Accusation of devaluation of Yuan to stimulate exports

Lim Guohao

The accusation of China’s devaluation of Yuan to stimulate exports and the depreciation of US dollars have caused severe trade imbalance across the world (Abbugao, 2010).

On one hand, the priority concern of the US is that the persistent Chinese currency devaluation and cheap goods market will directly obstruct US and the world’s economic growth by lowering the cost of all primary factors of production. Thus, a further US$600-billion injection into the US economy has been proposed to further strengthen the US economy.

However, Abbugao (2010) argued that such movement could cause a repeat of the 1997-98 recession crises. As active shareholders of the US Treasury Bills, Asian countries feared that they would be expecting to face an unprecedented wave of hyperinflation as they fight to tackle currency surplus if US dollars continues to depreciate sharply (Wheatley, 2010).

Not only that, global stagflation will then be eventuated, resulting in high unemployment rates. Millions of people will then find the cost of food, shelter and healthcare unaffordable. Much more, according to the data released by the Global Times, if the Chinese Yuan were to reduce by 1 percent, more than 800,000 people in China will find themselves unemployed and unsheltered, which will then ignite severe social problems.

Thus, given the direct correlation between unemployment and mortality as raised by Schoeni (2010), it was predicted that countries would find it harder to feed its people, stoking starvation, eviction and the spread of fatal illnesses, ultimately leading to an increase of death rates.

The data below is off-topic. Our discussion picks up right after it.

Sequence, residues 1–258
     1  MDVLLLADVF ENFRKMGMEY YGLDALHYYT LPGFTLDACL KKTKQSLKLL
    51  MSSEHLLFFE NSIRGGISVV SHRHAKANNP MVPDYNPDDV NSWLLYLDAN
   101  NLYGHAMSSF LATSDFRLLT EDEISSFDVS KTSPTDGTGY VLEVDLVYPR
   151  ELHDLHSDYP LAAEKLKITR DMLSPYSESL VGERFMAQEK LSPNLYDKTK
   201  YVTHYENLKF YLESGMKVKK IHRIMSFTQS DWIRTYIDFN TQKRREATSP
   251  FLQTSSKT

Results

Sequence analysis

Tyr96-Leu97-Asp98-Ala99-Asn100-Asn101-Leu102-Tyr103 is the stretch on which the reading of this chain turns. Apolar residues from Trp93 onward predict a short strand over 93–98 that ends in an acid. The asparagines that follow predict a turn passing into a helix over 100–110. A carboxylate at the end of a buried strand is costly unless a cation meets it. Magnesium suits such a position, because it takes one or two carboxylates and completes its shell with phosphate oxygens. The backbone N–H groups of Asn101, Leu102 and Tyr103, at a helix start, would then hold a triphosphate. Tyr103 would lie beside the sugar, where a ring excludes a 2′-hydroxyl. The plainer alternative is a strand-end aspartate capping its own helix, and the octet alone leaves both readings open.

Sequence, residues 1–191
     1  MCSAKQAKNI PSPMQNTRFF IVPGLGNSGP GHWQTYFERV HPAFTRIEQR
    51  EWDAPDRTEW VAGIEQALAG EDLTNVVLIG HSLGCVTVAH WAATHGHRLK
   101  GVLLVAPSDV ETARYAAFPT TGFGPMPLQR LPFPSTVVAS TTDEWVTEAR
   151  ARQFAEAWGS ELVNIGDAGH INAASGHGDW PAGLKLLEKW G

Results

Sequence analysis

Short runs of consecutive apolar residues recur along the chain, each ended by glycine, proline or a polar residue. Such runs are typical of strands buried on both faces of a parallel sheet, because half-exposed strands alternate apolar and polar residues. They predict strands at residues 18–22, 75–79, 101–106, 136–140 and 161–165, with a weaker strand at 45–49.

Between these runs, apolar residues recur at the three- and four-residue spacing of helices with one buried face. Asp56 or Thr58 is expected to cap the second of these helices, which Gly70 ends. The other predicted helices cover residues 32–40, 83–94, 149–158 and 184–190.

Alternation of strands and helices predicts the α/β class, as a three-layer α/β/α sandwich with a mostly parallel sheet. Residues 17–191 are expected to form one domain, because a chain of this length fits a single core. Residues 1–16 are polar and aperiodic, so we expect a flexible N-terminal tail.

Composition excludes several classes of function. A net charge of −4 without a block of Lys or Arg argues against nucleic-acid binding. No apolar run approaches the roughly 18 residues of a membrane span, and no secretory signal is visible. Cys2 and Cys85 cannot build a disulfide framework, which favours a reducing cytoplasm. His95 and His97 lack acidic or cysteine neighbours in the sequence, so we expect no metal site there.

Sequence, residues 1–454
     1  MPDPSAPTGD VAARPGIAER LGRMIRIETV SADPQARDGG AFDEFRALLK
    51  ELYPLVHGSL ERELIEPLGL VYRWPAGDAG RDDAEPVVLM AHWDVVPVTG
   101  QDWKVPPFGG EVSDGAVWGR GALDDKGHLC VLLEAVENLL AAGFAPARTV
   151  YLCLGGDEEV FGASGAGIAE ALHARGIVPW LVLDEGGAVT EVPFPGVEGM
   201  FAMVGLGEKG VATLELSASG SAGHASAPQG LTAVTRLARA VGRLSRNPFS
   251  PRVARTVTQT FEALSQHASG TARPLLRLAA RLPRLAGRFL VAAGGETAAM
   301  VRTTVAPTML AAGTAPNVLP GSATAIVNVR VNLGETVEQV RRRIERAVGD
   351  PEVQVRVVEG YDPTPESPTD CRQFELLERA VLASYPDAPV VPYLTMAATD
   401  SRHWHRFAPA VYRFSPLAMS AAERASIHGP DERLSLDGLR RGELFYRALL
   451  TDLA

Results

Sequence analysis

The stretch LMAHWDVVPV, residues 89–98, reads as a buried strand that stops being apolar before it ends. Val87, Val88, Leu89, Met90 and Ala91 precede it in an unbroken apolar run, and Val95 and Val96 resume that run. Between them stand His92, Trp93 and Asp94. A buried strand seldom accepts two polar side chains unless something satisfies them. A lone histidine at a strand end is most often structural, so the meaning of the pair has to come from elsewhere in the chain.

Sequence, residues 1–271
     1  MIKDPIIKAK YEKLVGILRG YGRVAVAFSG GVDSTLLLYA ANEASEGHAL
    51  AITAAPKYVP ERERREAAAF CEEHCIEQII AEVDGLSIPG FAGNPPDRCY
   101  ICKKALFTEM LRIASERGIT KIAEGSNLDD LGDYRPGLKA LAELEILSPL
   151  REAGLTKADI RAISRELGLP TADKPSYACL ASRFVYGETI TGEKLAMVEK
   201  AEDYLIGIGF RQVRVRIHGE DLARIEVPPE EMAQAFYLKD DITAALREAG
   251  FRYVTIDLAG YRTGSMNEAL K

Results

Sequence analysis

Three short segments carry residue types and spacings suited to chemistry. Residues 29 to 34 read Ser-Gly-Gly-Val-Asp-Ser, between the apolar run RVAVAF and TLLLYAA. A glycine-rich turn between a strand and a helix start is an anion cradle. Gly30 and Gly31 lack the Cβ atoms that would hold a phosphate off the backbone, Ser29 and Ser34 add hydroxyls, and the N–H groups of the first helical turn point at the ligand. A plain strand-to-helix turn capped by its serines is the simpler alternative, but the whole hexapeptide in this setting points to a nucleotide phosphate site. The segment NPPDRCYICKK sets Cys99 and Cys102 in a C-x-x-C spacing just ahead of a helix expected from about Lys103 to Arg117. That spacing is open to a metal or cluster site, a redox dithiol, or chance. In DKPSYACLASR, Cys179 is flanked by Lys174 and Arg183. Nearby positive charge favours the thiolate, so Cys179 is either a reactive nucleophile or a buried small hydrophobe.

Narcissistic approaches to economic reforms will escalate tension amongst countries, as each vies to achieve greatest benefits from the global economy. While top concerns are placed on economy upturns, I feel that countries should also pay close attention to domestic and foreign inflations, as any incendiary policies implemented would mean detriments to our global economy.

For instance, the devaluation of Chinese Yuan and depreciation of US dollar could set off trade imbalances and competitive global devaluation trends, leading to massive deficits in global currency exchange rates, thus discouraging investments and creating sluggish markets.

When such situations occur, costs of production will rise and firms are forced to retrench workers to prevent losses. With rising unemployment, basic necessities become unaffordable and it may lead to greater crime rates, causing social disorder.

More importantly, developing countries will be forced to lower exports prices in order to maintain price competitiveness. Lesser returns will be yielded, thus hindering economic growth, and harder to catch up with the global financial pace.

For tertiary students like us, massive inflationary rates will also cause impending impacts; steep rises in tuition fees and living costs leading to greater financial burden.

Hence, there is seemingly little of what developing nations can do, the decision all now lies with the superpowers, America and China, to decide the future of our global integrated economies.

However, as future leaders, we can make use of social media to reach out to the masses, by setting up “Superpowers, spare a dollar for the World” fan-pages on Facebook to gather at least 100,000 supporters so that it will be newsworthy for the traditional media, thus allowing the US and China government to gain greater awareness about this pressing situation.

Ultimately, money is nothing but paper. It is the right human mindset that is most critical for survival, not economy.

 

Written as part of the assignment for Ngee Ann Polytechnic’s Global Issues: Singapore Perspectives.

Advertisements